Councilwoman Candi CdeBaca does not support placing a city-sanctioned camp for people experiencing homelessness in the Coliseum parking lot and is instead searching for another site in her district for what some call a safe outdoor space.
Lisa Calderón, CdeBaca’s chief of staff, said Monday that the District 9 representative opposed the Globeville and Elyria-Swansea neighborhoods “being overburdened with camp sites. They’ve done their part. She’s actively looking for another site.”
Mayor Michael Hancock announced on July 1 that he was reversing his long-held opposition to sanctioned camping. Weeks later, the Coliseum lot emerged as the top candidate for the first of two or three sites, each expected to accommodate 60 people. Residents of Globeville and Elyria-Swansea objected, noting that they had already hosted two large shelters established during the pandemic, one inside the Coliseum and one inside the neighboring National Western Complex, as well as a tiny home village that is an alternative to shelters. Globeville and Elyria-Swanswea residents depicted the decisions to locate support for people experiencing homelessness in their impoverished, largely minority neighborhoods as part of a decades-old pattern of treating the area as a dumping ground for the city’s problems.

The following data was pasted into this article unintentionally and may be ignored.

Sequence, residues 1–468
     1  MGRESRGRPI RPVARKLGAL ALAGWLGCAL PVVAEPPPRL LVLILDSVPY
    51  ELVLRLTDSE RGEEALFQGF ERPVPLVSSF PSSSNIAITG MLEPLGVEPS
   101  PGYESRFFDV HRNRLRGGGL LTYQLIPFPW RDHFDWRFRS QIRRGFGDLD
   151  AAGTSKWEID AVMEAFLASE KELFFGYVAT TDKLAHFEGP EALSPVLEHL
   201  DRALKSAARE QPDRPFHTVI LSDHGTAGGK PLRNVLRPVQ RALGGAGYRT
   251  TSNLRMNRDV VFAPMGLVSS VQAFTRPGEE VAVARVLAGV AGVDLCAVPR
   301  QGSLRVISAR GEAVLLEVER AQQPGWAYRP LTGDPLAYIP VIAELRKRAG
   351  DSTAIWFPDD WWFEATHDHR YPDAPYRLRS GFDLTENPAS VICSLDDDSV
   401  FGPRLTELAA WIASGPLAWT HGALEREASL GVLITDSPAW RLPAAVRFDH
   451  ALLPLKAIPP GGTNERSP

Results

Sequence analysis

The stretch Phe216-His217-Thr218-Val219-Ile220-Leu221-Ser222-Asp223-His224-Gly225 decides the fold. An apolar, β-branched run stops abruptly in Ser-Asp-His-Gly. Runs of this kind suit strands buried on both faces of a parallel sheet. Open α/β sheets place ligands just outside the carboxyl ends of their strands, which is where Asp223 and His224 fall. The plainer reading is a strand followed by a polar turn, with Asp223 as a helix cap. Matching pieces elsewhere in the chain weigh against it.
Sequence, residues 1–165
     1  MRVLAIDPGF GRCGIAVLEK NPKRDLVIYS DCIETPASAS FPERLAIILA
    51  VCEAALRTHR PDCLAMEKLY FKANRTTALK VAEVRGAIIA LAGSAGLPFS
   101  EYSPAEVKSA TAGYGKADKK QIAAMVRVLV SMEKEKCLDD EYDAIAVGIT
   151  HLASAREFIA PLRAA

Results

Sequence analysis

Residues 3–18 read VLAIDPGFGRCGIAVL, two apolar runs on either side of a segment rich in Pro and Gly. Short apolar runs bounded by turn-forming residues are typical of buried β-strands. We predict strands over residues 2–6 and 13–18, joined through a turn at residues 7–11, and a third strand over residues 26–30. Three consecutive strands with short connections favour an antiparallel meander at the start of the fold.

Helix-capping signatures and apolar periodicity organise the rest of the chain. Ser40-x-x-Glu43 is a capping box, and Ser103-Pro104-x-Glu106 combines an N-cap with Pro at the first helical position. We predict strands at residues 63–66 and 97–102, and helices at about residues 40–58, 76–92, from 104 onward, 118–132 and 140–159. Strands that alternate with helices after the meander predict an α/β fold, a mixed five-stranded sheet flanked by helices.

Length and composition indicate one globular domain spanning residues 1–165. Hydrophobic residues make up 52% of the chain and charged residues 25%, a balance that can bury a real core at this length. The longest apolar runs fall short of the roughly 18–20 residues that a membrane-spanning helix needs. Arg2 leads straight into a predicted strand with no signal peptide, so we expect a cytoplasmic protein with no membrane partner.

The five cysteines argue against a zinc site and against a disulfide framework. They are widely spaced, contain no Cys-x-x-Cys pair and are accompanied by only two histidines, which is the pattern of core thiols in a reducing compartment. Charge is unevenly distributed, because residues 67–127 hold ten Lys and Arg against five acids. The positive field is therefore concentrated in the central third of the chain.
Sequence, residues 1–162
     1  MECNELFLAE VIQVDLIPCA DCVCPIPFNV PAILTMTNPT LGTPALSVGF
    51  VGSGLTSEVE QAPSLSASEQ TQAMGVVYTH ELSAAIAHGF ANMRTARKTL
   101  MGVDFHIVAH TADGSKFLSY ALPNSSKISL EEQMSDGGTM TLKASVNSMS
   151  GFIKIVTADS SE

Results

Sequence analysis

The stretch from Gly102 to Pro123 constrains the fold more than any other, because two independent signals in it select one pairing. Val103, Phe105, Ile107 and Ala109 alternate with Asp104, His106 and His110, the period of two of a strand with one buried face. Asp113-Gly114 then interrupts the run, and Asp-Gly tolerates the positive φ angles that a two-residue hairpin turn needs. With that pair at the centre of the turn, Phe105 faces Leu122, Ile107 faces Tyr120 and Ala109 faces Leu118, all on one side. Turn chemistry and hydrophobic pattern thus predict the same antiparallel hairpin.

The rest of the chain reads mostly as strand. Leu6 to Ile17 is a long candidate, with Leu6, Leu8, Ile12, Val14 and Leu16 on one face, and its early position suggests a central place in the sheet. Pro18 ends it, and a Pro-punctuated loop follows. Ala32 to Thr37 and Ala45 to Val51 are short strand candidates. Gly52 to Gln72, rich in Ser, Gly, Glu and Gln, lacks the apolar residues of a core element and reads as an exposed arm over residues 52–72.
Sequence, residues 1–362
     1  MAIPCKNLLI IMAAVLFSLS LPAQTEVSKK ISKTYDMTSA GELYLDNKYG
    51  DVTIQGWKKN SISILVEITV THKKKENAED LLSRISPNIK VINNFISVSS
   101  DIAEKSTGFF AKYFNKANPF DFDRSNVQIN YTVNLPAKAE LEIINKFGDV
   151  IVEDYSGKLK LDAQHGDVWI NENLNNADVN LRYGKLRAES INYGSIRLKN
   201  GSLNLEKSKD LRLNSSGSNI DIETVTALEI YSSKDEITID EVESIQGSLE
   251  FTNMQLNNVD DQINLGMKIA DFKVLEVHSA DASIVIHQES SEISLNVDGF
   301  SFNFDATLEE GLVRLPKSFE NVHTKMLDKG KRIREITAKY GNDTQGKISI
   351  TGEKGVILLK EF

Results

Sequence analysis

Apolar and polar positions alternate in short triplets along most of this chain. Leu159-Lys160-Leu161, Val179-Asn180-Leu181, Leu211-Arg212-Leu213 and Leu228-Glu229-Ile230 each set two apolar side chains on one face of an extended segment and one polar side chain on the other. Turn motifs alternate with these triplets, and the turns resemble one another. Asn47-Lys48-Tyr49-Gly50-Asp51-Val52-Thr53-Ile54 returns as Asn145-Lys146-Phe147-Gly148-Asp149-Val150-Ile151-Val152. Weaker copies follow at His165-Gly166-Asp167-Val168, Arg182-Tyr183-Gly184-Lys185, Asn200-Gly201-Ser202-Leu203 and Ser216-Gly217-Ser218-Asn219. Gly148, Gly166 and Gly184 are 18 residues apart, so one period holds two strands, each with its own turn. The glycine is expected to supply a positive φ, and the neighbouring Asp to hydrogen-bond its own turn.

Without CdeBaca’s support, it seemed unlikely the sanctioned camp would end up in the Coliseum parking lot.
Cole Chandler of the Colorado Village Collaborative, the nonprofit set to manage the sanctioned camp, said in an email Monday: “We are doing everything we can to find a location outside of GES.”
“We continue to evaluate sites across the entire city and are actively working with Councilwoman CdeBaca and her team to find other potential sites in her district,” Chandler added.
Earlier Monday, CdeBaca issued a press release responding to Mayor Michael Hancock’s State of the City address, in which he said unsanctioned camps that have grown in the city since the outbreak of COVID-19 “cannot persist” and repeated that the pandemic had created a need for extraordinary measures such as managed and serviced camping. Hancock had long resisted sanctioned camping, saying the focus should be on getting people experiencing homelessness indoors.
CdeBaca called Hancock’s remarks on homelessness “tone-deaf.” She said the safe outdoor space proposal brought to the mayor during the pandemic by a coalition of nonprofits and faith-based organizations “is a harm reduction measure that needs to be implemented citywide and at a scale to meet the need in our city — I will not allow District 9 neighborhoods of color to continue to be a dumping ground for failed administration policies.”